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The Children’s National Medical Centre in Washington, funded by the Government of Abu Dhabi, is among the top 50 hospitals in 10 paediatric specialities. The centre houses the Sheikh Zayed Institute for Paediatric Surgical Innovation, established through a Dh550.9 million gift. Andrew Councill for The National
The Children’s National Medical Centre in Washington, funded by the Government of Abu Dhabi, is among the top 50 hospitals in 10 paediatric specialities. The centre houses the Sheikh Zayed Institute for Paediatric Surgical Innovation, established through a Dh550.9 million gift. Andrew Councill for The National

Praise for Emirati-funded children's hospital

US News and World Report has ranked the Children's National Medical Centre (CNMC) in Washington among the top 50 hospitals in 10 paediatric specialities.

An American hospital with a paediatric centre funded by the Abu Dhabi Government has been ranked among the best children's hospitals in the country.

US News and World Report, a magazine that reports on consumer affairs, including health, personal finance and education, ranked the Children's National Medical Centre (CNMC) in Washington among the top 50 hospitals in 10 paediatric specialities.

It ranked among the top 10 in three categories: neonatology, neurology and neurosurgery, and urology.

The centre houses the Sheikh Zayed Institute for Paediatric Surgical Innovation, which was established through a US$150 million (Dh550.9m) gift from the capital in 2009.

"The collaboration between the Government of Abu Dhabi, Children's National Medical Centre and the Sheikh Zayed Institute has played a large part in ensuring that we remain a leader and a destination of choice for world-class paediatric health care," said Dr Kurt Newman, the president and chief executive of Children's National.

"It is an honour to be ranked again among the very best children's hospitals in the US. This continued recognition highlights our commitment to providing the highest quality of care to our children and families."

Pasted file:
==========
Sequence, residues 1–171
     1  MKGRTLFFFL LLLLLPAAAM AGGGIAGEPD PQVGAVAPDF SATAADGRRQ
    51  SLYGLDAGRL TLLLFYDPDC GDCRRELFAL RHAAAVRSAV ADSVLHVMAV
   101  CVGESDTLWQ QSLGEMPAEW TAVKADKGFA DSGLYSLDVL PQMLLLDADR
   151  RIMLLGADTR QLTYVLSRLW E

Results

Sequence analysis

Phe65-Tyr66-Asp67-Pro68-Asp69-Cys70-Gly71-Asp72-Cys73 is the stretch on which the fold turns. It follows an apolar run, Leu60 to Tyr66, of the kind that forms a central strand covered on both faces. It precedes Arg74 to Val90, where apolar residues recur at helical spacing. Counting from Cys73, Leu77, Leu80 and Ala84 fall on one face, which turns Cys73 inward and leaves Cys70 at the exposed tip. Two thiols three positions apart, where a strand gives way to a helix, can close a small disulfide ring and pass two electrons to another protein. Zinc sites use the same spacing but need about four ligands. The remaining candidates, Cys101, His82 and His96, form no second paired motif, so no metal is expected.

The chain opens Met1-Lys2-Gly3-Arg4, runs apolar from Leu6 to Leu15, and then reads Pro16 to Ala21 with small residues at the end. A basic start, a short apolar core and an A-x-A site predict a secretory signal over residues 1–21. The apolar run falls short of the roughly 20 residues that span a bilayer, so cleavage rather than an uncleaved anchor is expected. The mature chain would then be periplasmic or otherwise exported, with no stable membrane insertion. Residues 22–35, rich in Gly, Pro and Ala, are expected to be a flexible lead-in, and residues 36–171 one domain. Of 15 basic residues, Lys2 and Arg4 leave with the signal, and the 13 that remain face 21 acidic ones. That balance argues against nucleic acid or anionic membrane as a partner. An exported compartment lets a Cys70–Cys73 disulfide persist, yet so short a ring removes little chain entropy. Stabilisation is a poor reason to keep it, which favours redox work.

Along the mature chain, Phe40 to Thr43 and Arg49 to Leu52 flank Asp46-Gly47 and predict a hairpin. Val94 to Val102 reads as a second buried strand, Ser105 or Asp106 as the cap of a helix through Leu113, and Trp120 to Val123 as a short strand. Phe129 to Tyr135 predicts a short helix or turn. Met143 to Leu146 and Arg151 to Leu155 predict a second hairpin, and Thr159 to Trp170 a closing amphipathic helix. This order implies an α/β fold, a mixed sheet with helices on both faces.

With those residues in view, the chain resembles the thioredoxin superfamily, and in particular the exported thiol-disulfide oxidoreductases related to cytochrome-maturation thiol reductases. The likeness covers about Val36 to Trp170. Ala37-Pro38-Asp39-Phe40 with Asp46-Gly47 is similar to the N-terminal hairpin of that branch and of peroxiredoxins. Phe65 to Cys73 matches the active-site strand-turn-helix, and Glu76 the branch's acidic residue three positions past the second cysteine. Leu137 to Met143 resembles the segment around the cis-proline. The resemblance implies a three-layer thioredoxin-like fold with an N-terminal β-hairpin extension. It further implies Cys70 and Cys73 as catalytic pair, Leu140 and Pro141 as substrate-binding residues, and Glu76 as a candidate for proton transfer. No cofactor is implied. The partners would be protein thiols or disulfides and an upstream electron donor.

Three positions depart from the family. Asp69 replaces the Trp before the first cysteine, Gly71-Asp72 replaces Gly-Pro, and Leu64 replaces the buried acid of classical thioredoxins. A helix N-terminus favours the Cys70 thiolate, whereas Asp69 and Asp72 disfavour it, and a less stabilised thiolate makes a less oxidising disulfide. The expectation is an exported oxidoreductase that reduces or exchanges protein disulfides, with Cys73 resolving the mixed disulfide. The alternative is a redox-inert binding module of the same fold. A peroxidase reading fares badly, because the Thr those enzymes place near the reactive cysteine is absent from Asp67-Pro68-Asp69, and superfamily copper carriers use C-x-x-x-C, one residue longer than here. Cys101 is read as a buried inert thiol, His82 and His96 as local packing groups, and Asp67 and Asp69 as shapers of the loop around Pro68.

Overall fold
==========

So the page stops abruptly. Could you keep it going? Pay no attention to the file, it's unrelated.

In addition to conducting research on paediatric treatment, the institute also funds research into ways to make treatments less painful for children.

In January, the hospital opened a Pain Medicine Care Complex, an outpatient programme that uses multisensory technology to treat pain in children recovering from invasive surgery or undergoing extensive medical treatment.

The latest innovations at the clinic include the development of software that maps body motion, which doctors are using in conjunction with virtual-reality sports video games to gather vital information about children's bodies while they play.

Another device allows doctors to measure a patient's perception of pain through sensory stimulation.

The institute also runs a student innovators programme each year, in which students from around the world are selected to work hand-in-hand with experts.

These include eight bioengineering students from the UAE who have been selected since the summer programme was launched in 2011.

This year, the students had the opportunity to attend the first symposium on paediatric surgical innovation alongside experts and policymakers.

This is the third consecutive year the hospital has been ranked among the best paediatric hospitals by the publication's Best Children's Hospitals survey.

It was launched in 2007 to help the families of sick children in the United States find the best medical care available.

Each year, the hospital provides care for patients from more than 20 countries around the world, including the UAE, Kuwait, Saudi Arabia and Qatar.

Telemedicine technology also allows doctors to share information with more than 100 partnership sites in 14 countries.

The collaboration between the hospital and the UAE helped the Health Authority Abu Dhabi to launch the first comprehensive regional screening programme for congenital heart disease, using pulse oximetry.

The examination, which uses a light probe to measure the level of oxygen in the heart's red blood cells, replaced the existing physical tests that could miss nearly half of cases and could also put babies at risk of death or developmental disabilities.

As of September last year, more than 30,000 babies had been screened, with 13 cases of coronary congenital heart disease detected and referred for follow up.

For this year's rankings, the magazine surveyed 179 paediatric centres to receive clinical data from 10 specialities, and asked 150 paediatric specialists where they would send the sickest children.

 

mismail@thenational.ae

*An earlier version of this article stated that the amount contributed was US$150,000 when it was in fact US$150 million.

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